Yesterday most of us have been following the unveiling of the much anticipated Apple tablet, now officially named the iPad. My colleagues Allen Weiner, Ray Valdes, Mark McDonald, and others commented about the launch on their respective blogs. Among the many issues that are being discussed, one that pops up quite a lot is whether the iPad really is a totally new sort of device, or just a bigger iPhone or a smaller Mac.
I am definitely not an expert in consumer devices, but I’d like to make two points.
The first one is that when I bought an iPod Touch as a music and video player, it never occurred to me that it would become my newspaper reader and my primary Twitter client, as well as a toolbox, phonebook, map (and the list goes on and on). Still after more than two years I discover uses and applications that make it increasingly compelling.
The second point is one that Mark makes in his post. I had the same feeling he had, that the iPad could be the first device that my mother (who’s 82 and has a very bad relationship with technology ) would actually use. She lives alone, although not far away from us, and the only piece of technology she likes is a photoframe, where she can see a slideshow with hundreds of pictures of my kids throughout the day. I can see quite clearly how she could very intuitively shuffle through pictures, pick videos, and then use the notes tool to read what she’s suppose to do today, and then move to the bookstore and pick a book she’d like to read, and so forth.
Now, what does this have to do with government? Well, one of the evergreens in electronic government and digital society programs is how to overcome the digital divide. This has led to countless discussions as well as investments in Europe on digital TV as the best tool to engage senior citizens (not that I have seen many outcomes though) as well as the use of cellphones as more adequate tools for people to keep in touch with government. To address the digital divide in developing countries and disadvantaged communities, we have seen programs like Negroponte’s OLPC (One Laptop per Child) and an increasing interest for netbooks.
What the iPad could do is to help overcome lots of digital divides. People who do not feel too comfortable with a laptop or desktop, but also feel that a phone, doesn’t matter how smart, is still a phone. Elderly people with visual or cognitive impairment, who can find a much more natural form factor and interaction style than with other devices. Teachers or students who could use this to replace the big pile of textbooks and notepads they need to carry to and from school every day.
An important factor with the iPad is its price point. At 499 USD, this is affordable by many more of those who would not usually buy an Apple product and would not be prepared to pay a premium because.. it is Apple. Indeed there are some features missing, such as Flash support or a webcam. On the other hand, iPhone shows that applications make for the lack of Flash support (I do access most newspapers and other sites through iPhone apps), while a webcam makes sense when you sit in front of the device, for which there are already accessories like a keyboard, a stand and – soon enough I’m sure – tons of others, including webcams, mikes, and so forth.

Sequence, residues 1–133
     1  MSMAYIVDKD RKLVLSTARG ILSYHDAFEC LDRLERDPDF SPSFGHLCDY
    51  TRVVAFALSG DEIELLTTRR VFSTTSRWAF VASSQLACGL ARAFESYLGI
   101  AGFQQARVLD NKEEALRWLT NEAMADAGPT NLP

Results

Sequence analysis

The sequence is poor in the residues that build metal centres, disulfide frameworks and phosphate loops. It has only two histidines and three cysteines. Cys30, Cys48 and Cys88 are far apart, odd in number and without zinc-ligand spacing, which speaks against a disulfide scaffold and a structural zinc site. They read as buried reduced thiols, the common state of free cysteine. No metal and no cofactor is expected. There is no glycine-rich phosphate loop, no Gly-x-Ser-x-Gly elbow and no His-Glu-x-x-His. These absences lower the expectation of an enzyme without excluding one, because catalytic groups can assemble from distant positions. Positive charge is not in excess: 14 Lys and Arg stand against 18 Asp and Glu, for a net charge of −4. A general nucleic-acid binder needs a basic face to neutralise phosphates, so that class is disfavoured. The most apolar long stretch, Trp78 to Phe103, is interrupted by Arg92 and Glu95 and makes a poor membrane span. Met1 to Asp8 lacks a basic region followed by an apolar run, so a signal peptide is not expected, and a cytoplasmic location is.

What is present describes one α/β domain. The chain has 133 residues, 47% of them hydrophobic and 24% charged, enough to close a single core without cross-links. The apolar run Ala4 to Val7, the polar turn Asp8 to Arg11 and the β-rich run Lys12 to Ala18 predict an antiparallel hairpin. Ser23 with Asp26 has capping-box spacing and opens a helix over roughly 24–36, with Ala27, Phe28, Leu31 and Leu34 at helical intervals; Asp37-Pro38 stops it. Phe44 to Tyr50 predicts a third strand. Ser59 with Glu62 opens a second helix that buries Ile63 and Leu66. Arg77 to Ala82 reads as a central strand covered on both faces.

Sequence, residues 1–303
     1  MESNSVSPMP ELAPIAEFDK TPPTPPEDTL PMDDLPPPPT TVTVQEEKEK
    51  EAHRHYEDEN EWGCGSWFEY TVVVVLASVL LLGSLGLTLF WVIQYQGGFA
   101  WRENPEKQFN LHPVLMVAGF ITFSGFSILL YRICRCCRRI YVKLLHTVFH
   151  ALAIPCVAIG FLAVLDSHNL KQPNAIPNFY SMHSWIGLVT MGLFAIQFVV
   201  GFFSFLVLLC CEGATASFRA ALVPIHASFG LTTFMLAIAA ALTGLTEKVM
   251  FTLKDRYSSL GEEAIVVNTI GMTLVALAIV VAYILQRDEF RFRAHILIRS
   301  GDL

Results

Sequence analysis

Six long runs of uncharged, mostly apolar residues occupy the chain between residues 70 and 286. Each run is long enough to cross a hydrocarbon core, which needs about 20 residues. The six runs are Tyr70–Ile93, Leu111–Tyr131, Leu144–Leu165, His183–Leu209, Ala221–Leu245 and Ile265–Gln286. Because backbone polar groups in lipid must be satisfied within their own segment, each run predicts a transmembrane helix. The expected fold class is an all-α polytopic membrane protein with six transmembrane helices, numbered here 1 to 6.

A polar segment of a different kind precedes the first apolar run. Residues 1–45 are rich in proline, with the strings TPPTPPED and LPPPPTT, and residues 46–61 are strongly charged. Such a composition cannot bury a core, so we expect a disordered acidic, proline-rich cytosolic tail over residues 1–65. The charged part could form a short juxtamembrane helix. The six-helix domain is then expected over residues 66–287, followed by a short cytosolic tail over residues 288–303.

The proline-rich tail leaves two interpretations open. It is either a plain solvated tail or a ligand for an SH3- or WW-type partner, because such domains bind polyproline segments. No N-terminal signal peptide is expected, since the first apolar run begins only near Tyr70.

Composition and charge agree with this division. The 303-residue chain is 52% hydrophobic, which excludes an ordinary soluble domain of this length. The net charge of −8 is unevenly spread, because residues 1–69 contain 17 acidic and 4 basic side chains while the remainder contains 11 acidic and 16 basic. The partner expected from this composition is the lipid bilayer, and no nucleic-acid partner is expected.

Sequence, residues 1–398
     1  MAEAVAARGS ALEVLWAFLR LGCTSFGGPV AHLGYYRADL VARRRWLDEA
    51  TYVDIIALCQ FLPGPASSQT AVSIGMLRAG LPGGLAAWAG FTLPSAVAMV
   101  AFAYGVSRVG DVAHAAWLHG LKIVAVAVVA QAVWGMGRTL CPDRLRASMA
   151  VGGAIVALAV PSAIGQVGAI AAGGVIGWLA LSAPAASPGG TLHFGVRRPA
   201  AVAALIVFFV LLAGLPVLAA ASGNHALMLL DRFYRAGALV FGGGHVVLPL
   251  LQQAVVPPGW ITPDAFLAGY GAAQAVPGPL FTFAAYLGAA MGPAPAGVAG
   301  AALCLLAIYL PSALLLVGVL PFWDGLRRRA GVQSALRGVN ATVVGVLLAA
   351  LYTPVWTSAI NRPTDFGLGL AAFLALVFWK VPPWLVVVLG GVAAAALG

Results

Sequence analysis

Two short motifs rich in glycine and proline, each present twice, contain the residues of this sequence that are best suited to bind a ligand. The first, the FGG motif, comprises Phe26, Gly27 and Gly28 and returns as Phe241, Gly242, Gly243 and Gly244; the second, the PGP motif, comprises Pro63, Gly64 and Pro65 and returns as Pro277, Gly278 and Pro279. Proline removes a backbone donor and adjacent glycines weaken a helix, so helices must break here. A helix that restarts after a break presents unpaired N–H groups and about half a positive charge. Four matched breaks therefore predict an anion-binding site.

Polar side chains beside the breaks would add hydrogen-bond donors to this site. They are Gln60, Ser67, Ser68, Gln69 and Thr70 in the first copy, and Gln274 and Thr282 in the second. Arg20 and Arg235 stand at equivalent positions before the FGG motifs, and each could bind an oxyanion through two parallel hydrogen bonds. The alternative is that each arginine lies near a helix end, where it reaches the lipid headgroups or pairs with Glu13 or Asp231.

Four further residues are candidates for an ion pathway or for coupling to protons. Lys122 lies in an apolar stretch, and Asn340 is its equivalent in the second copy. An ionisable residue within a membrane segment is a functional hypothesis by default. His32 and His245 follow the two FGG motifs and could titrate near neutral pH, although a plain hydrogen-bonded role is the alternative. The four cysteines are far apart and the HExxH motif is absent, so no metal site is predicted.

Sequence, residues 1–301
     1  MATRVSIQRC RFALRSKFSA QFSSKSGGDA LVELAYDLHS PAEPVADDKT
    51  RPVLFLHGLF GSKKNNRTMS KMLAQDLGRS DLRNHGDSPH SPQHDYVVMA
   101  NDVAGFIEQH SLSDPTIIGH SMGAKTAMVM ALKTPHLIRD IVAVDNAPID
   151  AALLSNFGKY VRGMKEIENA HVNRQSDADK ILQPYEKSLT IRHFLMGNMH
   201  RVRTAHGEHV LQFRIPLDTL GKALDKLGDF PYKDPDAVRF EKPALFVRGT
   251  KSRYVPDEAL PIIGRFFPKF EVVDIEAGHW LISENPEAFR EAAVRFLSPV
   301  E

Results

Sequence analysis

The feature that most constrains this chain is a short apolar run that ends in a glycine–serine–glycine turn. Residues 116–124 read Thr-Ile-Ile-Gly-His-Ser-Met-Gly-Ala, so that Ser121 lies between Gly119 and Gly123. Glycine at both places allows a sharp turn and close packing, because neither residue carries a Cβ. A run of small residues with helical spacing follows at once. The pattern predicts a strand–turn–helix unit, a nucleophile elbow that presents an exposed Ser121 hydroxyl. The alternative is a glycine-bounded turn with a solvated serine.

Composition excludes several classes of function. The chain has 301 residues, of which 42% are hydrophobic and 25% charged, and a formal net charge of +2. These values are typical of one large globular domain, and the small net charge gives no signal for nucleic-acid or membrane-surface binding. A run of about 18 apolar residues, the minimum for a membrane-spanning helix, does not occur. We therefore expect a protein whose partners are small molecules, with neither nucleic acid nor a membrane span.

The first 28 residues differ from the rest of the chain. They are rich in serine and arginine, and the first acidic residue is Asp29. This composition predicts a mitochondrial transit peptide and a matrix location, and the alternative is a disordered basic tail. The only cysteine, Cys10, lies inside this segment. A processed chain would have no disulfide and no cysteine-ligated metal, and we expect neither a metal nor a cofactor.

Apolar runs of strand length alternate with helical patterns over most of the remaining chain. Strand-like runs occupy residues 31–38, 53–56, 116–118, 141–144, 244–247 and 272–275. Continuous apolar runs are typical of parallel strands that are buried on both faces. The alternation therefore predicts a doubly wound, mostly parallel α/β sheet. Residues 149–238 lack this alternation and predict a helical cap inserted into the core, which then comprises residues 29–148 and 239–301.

What is intriguing about the iPad is not only the friendly user interface and the great Internet surfing experience, but also the likely usage patterns and the unlikely users. Many commented that this device will be carried around in the home (also depending on what accessories will be available to ruggedize it). But I would argue, it could be used by people who would never use a computer.
Some time ago I heard about the use of game consoles and GPS devices to both entertain and monitor elderly people with cognitive impairment. The problem is the user interface, as both XBox or PS3 and Wii are not too intuitive for an elderly person. But they are familiar with the gesture of turning pages or shuffling pictures, and touching an almost 10 inches screen that you can carry in whichever room is far easier than using a gamepad or a mouse. As the iPad is also a communication device, one can monitor what the person is doing, e.g. by using a bluetooth device that he or she would wear and would reveal their distance from the iPad. So, delivering social care to elderly people online is more likely to work through an iPad than through a PC or a digital TV (as some European tend to believe).
Education is a slam dunk. Governments that invest on more desktops or electronic boards may have to consider how a device like the iPad could transform the learning and teaching experience: rather than giving a check to kids to buy a laptop, they could give them an iPad.
But the device may make its inroad inside government too. I have been covering for some time, also in this blog, the theme of the blurring boundaries between the personal and professional life of government employees, through the use of social media. One of the typical examples I have been using is a social worker who needs to access non-profit communities, customer social networks as well as the traditional case management system to more effectively and efficiently deal with a case. As he or she is on the move, the iPad becomes an excellent example of a device that supports that blurring: social media, a bit of entertainment between two customer visits, access to agency information through corporate iPad apps, and a form factor and battery life that makes it far more usable as a mobile tool to support him or her in virtually every aspect of a working day.
The iPad has less than 24 hours and its possible uses from a government standpoint look endless. It is really true that life is full of surprises. Who would have thought about Steve Jobs becoming more relevant than Negroponte when it comes to bridging the digital divide?